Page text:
Written by David Newman & Robert Benton / Directed by Arthur Penn / Starring Warren Beatty, Faye Dunaway, Michael J. Pollard
“You’ve heard the story of Jesse James of how he lived and died,
if you’re still in need
of something to read
here’s the story of Bonnie and Clyde”
– Beginning of a poem written by Bonnie Parker and published shortly before her death
Editor’s note: This review contains spoilers and presumes you will have already seen the film.
Roger Ebert said, “I don’t think people often go to the movie to have their ideas changed; but I do think they can go to the movies and have their feelings changed”. I was 12 years old when I went to see BONNIE AND CLYDE playing at the York theatre in Montreal. Until then, my theatrical experiences were limited to Disney movies, Julie Andrews musicals and the raciest thing I had seen on screen was Claudia Cardinale’s outfits in CIRCUS WORLD. From the moment the film opens, with a naked Bonnie Parker (Faye Dunaway in her third movie role) as seen through a gauzy curtain, looking trapped in a tiny bedroom to the climatic, violent end where our heroes die gruesomely in a hailstorm of bullets in (as described by screenwriter Robert Benton) “a masterpiece of a ballet of death”, I instinctively knew there was more to movies than Hayley Mills looking for her Siamese cat. It was my first exposure to “art” and it forever changed how I reacted to film. Needless to say, it took repeated viewings as an adult (from repertory theatres to VHS, DVD and Blu-ray) for the brilliance that is BONNIE AND CLYDE to fully set in as it is far beyond the ken of any 12-year-old.
Set in the Great Depression in the South, this is a gangster biopic loosely based on Clyde Barrow (Warren Beatty, who also produced this movie) and Bonnie Parker’s exploits as small time crooks. The two move from town to town, stealing cars and pulling off small heists, when they first meet a slow witted gas station attendant, C.W. Moss (Michael J. Pollard). Their first attempt together to rob a bank goes horribly wrong when C.W. parks the car instead of staying in the designated spot. In the confusion of trying to escape, a bank employee is graphically shot in the face through the glass window of the getaway car. Now wanted for murder, they are holed up in a motel where they are visited by Clyde’s ex-con brother Buck (Gene Hackman) and his shrill, preacher’s daughter wife Blanche (Estelle Parsons who deservedly won the Oscar for best supporting actress). Now dubbed the Barrow Gang by local newspapers and painted as Depression era Robin Hoods when they allow one bank customer to hold onto his money, they are relentlessly pursued by the police and bounty hunters. Along the way, they briefly capture a mortician (Gene Wilder, screamingly funny in his screen debut) and his girlfriend and kidnap a Texas Ranger (Denver Pyle) who is hell bent on revenge when they set him adrift on a boat, handcuffed, after he spits in Bonnie’s face when she kisses him for a photograph. After an ambush leaving Buck dead and Blanche captured, C.W. takes the gravely injured Bonnie and Clyde to his father’s house when a trap is set and ends in one of the bloodiest deaths in cinematic history.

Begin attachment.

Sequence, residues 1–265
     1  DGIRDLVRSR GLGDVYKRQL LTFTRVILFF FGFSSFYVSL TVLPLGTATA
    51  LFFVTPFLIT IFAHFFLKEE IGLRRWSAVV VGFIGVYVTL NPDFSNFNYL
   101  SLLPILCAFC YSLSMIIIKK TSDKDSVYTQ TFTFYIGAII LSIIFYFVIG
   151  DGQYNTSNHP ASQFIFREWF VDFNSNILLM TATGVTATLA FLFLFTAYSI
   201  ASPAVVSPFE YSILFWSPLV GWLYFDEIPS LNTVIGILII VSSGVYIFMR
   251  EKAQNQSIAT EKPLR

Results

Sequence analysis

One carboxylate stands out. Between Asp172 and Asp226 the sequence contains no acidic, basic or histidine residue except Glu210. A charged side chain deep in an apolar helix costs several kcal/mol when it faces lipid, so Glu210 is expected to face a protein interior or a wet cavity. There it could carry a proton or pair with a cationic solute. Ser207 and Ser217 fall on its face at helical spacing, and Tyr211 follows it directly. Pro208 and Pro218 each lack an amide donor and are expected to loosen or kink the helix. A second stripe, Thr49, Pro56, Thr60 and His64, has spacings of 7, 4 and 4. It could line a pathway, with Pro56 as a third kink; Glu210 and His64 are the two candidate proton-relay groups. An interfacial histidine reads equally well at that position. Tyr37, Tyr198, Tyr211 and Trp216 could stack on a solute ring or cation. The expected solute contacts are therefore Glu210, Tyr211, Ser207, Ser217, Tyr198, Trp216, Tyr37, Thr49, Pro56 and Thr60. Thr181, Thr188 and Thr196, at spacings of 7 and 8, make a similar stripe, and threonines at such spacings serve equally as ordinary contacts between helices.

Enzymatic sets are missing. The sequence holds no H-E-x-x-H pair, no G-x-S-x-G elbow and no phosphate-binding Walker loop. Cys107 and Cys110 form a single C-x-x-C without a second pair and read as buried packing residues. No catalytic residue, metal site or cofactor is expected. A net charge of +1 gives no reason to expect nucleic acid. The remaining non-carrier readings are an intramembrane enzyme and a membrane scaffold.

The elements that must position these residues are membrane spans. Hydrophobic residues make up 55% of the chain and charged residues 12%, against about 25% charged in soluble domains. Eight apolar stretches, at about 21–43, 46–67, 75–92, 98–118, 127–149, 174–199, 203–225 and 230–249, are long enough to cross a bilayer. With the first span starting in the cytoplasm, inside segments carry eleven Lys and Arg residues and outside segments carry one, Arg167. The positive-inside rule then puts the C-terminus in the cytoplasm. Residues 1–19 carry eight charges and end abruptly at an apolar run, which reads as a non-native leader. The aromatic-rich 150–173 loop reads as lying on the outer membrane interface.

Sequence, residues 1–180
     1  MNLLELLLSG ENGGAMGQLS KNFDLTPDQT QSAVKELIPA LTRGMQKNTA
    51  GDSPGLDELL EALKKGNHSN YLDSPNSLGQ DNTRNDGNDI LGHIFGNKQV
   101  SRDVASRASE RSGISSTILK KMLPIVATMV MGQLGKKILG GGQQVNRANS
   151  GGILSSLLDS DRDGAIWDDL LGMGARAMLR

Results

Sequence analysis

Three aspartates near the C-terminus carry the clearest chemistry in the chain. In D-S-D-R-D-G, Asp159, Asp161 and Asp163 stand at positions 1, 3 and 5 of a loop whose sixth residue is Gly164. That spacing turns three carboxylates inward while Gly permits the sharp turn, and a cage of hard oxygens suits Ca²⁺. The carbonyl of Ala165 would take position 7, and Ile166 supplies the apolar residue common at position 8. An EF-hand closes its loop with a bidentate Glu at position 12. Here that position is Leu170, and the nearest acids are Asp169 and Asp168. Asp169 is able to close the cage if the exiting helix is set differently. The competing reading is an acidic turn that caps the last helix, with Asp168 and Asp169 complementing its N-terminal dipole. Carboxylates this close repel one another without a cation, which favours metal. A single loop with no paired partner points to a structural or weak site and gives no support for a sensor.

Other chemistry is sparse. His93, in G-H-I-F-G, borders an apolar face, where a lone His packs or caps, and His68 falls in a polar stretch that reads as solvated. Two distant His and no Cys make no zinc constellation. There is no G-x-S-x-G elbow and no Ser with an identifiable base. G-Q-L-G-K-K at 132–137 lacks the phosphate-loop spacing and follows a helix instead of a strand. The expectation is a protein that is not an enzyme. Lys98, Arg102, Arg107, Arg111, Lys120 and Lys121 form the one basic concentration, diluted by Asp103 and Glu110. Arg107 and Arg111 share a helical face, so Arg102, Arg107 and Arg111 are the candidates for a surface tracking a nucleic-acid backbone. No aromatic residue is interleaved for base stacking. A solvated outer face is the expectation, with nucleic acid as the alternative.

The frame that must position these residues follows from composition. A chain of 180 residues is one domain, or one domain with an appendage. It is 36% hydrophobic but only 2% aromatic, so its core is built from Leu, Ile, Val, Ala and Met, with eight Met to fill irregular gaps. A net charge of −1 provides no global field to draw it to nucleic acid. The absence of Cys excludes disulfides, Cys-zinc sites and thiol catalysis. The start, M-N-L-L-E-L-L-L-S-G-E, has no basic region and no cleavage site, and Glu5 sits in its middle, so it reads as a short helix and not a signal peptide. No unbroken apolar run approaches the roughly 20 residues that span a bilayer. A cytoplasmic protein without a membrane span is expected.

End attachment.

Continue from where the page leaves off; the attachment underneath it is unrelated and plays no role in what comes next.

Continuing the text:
It’s impossible to list the many movies that owe a debt to BONNIE AND CLYDE. From THE WILD BUNCH and BADLANDS to PULP FICTION and NO COUNTRY FOR OLD MEN, and I would even argue Martin Scorsese’s and Oliver Stone’s careers are heavily influenced by this landmark classic that has not aged an iota since its theatrical release. Even the shootout in L.A. CONFIDENTIAL is reminiscent of this movie. There are small scenes of such brilliance that, to this day, take my breath away: a sexually frustrated Bonnie dealing with Clyde’s impotence by unconsciously fondling a revolver. The Keystone Kops car chases scored to the banjo music by Flatt & Scruggs and then hearing that same soundtrack in the background in the horrific aftermath of violent scenes. This movie is as funny (C.W.’s father is more incensed that his son has a tattoo versus his association with murderers) as it is intense (Buck’s death to Blanche’s screams of “Daddy. Daddy” while the police circle his body and watch him die). Cinematographer Burnett Guffey’s masterful use of natural lighting – there is a scene in a cornfield where clouds briefly darken the surroundings that is sheer genius – won him an Oscar. And Director Arthur Penn (THE MIRACLE WORKER) elicits performances from Beatty, Dunaway and Hackman that deservedly made them Hollywood stars and icons while Parsons’ and Pollard’s work should be required viewing for anyone who studies the craft of acting.
BONNIE AND CLYDE remains as relevant today as it was when it was first unleashed unto an unsuspecting audience. It has an indie feel to it that was unheard of in 1967. I can think of very few movies that deserve to be called classics and it forever changed the way I feel and think about film.
BONNIE AND CLYDE screened as part of the new TIFF film series, Dreaming in Technicolor, at TIFF Bell Lightbox in Toronto. The series runs through August 13 and features over 25 classics like REAR WINDOW, ALL THAT HEAVEN ALLOWS and CHARADE. It launched on Friday, June 19, with the Gene Kelly masterpiece, SINGIN’ IN THE RAIN. For more information and for tickets, please visit tiff.net.